TUSCALOOSA, Ala. (AP) - Once upon a time in Tuscaloosa, only one business in town had air conditioning. A sign in the window showed a polar bear sitting on a block of ice with words that said, “Come on in. It’s COOL inside.”
Today that building is on the National Registry of Historic places and still maintains a unique place in Tuscaloosa’s downtown business environment. It is the only retail store in Tuscaloosa that was designed and built in the art deco style.
David Jones, the owner of Bamastuff at 1015 University Blvd. on The Strip, is very proud of the designation and of his family’s involvement in the business, which stretches back to 1944. It was once primarily a store that sold textbooks to students at the University of Alabama, but today it fills a different niche, selling souvenirs and apparel related to the University of Alabama.
“The store opened in 1939. My father joined in 1944 when he got back from the Navy. He worked until his death in 1977. I started in 1970. In 1979, I took over the bookkeeping duties that I still do. My son came here to work in about 2002, and he does all the catalog stuff and the internet and the IT stuff. So, the business has been in our family since 1944. We have had partners come and go, but now it is just family,” said Jones, the owner of both the business and the building that houses it.
The store was designed by the architect David O. Whilldin whom Jones described as one of the pre-eminent architects of the first half of the 20th century.
“He built it as an income producer. I bought it from his granddaughter in 2007. My family had rented from them since 1942. Luckily it was still in their family. He also did the Bama Theatre. If you look at the Bama Theatre and this building, they were built the same year. The façade is the same, the limestone, the attic trusses are the same. He designed every inch of the Bama Theatre. This building, the floor is original, the ceiling is original and these lighting globes are original. We have tried to keep everything exactly like it has been all that time.”
While Jones and his family have endeavored to retain the historical structure of the building, they have had to help evolve the business that was inside it many times over the years. The original business was known as the Alabama Wholesale Book Co, later becoming the Alabama Book Store and finally morphing into Bamastuff. Along with the name changes have come an evolution in the type of merchandise sold.
While the business always sold University of Alabama apparel and souvenirs, that was once only a small fraction of the merchandise. The primary business for most of the store’s history was textbook sales. The store was one of three private stores in Tuscaloosa that sold textbooks to students, along with the university’s book store. Jones said his father sold cameras for part of three decades from the 1940s into the 1960s. Where once textbooks dominated the store, the apparel and souvenir business began taking up more and more retail space.
The university began buying out their privately owned textbook sellers and that, ironically, spurred Jones to begin seeking notice for his business a historic place in hopes that it might help stave off purchase attempts by the university.
“The first designation we got was a standalone historic district for the city. Then we went to the state and got on the state historic registry. The same person got me in touch with somebody to work on the National Historic Registry. It took about two years for that. Gene Ford did the work for us. He had a wonderful 100-page description of every brick in the building. There’s more to it than you realize. It’s just a perfect example of modern architecture of that time,” Jones said.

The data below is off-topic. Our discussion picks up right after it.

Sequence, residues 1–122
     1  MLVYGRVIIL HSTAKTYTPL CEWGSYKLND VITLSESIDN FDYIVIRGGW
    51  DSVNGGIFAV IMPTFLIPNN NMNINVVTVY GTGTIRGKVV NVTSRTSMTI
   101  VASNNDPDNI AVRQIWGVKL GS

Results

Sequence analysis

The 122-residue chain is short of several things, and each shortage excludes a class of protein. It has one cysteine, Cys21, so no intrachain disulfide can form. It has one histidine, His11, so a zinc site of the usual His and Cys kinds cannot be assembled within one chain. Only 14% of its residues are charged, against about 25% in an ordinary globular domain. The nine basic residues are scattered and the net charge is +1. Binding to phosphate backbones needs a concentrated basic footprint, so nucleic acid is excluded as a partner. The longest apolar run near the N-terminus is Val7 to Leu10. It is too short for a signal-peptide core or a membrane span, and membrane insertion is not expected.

Gene Ford is an architectural historian at the University of Alabama who has done extensive work with Tuscaloosa area historical organizations.
Jones eventually won the battle to keep the store privately owned and purchased the building from the descendant of the architect in 2007. The textbook business, which had been a staple since the store was founded, slowly disappeared with the advent of more and more online curricula until the store dropped textbooks all together and made the switch to only selling apparel and souvenirs.
The store’s architecture isn’t its only touch point with history. There is a human aspect to the story as well. Jones said he started keeping records of how many people the business employed in 1979. Since that time, 900 employees have worked for him. Almost of all of those have been students. Jones said he has employed 25 salaried workers in that time span, while the rest have been students.
“We have been really, really lucky. I have hired children, even grandchildren, of people who have worked here from way back. It’s really amazing. They come in on ballgame days, the former employees,” Jones said.
As far as the future of his historic business, Jones said he doesn’t know what is going to happen. His son works for the business now and he is trying to get one of his grandchildren involved in the bookkeeping so he can retire. Jones said he is one of only two bookkeepers the store has had in its 81-year history.
“We’ve had to adapt over the years, and we have been lucky to do that. As far as the future goes, I hope retirement is the next step,” Jones said with a laugh. “In 1990 I couldn’t have told you we would be where we are now with no textbooks. I thought textbooks would always be necessary. There used to be three private stores and the school stores selling textbooks, now it is only the school store selling textbooks. Every 20 years or so, I guess, we have to evolve into something different.”
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